By Bruce Hennes, Hennes Communications
From pointed guns to pointed fingers, the damage left in the wake of the Feb. 14, 2018 massacre at Marjory Stoneman Douglas High School in Parkland, Florida, has been gut-wrenching. The gunman, of course, is ultimately to blame for an act of pure evil. But many others involved, from the police officers first on scene to the school superintendent, are now under fire in the aftermath as parents and citizens demand that the school district bust down bureaucratic barriers, hold people accountable and build public trust.
We ask you to read the article below so that you have a better understanding of transparency and how the times have changed. Government agencies, quasi-government agencies, nonprofits and for-profit companies – including those that hold themselves out as models of integrity and accountability – will feel the pain when the public gets obfuscation and spin instead of transparency.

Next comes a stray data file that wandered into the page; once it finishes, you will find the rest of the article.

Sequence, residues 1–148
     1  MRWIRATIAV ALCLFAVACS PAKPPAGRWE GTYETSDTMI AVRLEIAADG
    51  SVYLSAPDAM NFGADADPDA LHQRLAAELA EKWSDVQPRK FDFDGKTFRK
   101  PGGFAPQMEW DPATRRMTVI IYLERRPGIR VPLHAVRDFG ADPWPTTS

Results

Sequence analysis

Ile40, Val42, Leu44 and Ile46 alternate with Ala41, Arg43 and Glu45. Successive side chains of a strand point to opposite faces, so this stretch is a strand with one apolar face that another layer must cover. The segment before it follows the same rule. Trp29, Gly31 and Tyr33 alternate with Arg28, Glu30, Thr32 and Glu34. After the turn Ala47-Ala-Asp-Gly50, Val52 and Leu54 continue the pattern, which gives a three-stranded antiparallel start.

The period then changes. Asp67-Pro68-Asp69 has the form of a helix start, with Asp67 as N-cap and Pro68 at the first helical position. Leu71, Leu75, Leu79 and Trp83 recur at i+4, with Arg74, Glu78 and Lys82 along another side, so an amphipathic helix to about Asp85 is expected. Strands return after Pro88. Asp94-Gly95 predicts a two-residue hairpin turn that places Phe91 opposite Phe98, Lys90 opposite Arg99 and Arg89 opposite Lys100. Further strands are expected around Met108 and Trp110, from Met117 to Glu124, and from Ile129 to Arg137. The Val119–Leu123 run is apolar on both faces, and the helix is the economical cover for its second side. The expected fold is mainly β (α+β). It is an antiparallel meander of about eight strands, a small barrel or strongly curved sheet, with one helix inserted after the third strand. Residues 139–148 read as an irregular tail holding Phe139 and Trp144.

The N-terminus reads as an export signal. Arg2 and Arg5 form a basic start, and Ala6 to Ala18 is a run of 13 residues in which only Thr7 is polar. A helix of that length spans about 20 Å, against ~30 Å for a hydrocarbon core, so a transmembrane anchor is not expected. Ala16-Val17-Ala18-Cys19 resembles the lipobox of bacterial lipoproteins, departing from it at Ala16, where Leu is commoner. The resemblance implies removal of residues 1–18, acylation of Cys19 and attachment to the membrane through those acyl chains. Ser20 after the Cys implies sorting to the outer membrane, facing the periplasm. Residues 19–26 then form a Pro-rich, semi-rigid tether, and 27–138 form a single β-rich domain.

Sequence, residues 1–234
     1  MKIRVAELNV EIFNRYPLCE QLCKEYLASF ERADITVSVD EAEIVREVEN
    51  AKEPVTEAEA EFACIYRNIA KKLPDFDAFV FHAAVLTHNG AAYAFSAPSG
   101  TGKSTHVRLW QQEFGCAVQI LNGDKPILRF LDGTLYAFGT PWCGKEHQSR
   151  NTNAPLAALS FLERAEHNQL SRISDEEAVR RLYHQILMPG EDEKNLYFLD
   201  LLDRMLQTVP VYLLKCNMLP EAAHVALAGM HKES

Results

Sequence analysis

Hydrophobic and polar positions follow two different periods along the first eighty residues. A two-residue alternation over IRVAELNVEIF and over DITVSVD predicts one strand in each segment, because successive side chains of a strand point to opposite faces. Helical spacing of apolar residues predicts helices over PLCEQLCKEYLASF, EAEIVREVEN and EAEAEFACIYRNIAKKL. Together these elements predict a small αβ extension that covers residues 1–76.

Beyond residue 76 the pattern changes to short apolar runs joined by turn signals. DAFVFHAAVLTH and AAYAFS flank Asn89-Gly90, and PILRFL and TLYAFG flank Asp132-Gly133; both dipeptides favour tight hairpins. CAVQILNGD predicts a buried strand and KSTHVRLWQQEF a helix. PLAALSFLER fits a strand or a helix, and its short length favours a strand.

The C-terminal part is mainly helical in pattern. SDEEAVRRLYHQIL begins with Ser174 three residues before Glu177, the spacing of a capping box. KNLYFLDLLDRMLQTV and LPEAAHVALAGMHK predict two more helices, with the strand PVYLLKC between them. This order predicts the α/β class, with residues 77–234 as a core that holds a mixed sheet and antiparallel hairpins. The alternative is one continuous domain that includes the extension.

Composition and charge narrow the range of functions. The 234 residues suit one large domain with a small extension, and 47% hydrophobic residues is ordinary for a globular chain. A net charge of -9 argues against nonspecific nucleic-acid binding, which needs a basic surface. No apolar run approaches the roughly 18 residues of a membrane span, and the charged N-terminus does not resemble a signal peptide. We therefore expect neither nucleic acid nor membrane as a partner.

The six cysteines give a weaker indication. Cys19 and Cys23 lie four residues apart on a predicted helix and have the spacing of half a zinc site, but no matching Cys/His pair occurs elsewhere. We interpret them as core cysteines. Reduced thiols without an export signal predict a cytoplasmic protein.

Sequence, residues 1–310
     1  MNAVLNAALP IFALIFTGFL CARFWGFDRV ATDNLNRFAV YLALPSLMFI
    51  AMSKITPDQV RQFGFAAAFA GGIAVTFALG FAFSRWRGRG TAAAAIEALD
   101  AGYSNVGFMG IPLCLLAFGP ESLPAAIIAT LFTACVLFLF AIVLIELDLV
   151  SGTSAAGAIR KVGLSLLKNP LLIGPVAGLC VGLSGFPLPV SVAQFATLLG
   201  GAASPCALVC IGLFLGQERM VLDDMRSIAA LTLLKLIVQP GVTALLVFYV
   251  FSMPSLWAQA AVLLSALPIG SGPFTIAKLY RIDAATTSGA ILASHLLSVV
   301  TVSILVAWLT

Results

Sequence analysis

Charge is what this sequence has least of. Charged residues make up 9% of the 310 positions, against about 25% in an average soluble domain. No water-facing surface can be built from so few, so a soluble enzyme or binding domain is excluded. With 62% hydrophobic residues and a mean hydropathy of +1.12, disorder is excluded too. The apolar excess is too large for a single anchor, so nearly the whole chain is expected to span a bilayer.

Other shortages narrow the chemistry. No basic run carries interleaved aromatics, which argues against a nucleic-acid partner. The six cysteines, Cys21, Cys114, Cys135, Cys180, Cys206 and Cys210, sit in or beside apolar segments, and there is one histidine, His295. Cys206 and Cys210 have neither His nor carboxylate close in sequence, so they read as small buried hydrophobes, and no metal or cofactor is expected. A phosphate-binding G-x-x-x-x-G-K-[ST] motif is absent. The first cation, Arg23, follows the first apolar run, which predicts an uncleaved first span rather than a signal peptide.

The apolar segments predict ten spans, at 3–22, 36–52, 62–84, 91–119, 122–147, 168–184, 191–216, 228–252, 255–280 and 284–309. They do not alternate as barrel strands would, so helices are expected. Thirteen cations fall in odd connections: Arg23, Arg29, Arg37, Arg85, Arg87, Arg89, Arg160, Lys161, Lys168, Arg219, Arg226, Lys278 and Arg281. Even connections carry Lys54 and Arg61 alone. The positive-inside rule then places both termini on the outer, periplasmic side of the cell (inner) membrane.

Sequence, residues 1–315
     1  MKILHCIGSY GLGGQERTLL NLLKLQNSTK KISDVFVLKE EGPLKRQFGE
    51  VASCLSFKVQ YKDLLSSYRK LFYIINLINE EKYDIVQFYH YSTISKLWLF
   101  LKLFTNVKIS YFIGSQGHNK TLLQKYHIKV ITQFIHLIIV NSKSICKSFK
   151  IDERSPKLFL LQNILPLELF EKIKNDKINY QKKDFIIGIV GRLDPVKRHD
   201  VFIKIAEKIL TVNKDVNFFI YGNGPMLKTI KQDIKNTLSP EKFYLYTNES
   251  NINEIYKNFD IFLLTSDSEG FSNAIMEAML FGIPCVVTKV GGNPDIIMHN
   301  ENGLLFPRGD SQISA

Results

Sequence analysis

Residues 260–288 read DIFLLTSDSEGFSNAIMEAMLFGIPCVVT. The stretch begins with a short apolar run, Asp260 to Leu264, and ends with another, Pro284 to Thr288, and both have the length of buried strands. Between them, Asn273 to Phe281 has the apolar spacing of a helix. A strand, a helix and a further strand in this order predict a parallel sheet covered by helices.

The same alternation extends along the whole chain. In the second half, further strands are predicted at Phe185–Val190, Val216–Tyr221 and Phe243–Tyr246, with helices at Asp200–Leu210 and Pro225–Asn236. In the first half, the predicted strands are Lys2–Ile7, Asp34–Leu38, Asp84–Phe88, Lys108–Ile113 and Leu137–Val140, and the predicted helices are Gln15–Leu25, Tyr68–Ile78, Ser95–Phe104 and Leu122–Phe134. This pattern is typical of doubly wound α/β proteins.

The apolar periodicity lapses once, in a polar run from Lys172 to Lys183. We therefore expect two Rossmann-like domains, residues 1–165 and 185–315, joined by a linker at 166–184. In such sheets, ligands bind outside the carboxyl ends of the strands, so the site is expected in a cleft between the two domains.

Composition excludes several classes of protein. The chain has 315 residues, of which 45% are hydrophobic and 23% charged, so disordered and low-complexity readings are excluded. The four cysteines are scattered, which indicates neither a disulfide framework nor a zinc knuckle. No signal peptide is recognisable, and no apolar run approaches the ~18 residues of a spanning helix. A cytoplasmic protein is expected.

We have the utmost respect for the attorneys we work with, and understand their frequent risk-aversion strategy – often built around saying as little as possible – might indeed win the day in court. But since there’s a roughly 95% chance your crisis is never going to trial, we believe our strategy (in most situations) of telling the truth, telling it first and telling it all will well-serve your organization’s long-term strategic needs.
One other lesson to be learned from the Parkland, Florida, situation is to understand your corporate culture before the crisis. This school district certainly seemed to have a culture that allowed the lawyers to dictate going quiet. After all, the district hired a “crisis communications” consultant whose motto was “Stop Talking”…
You can read the Sun Sentinel story about the Parkland shooting here.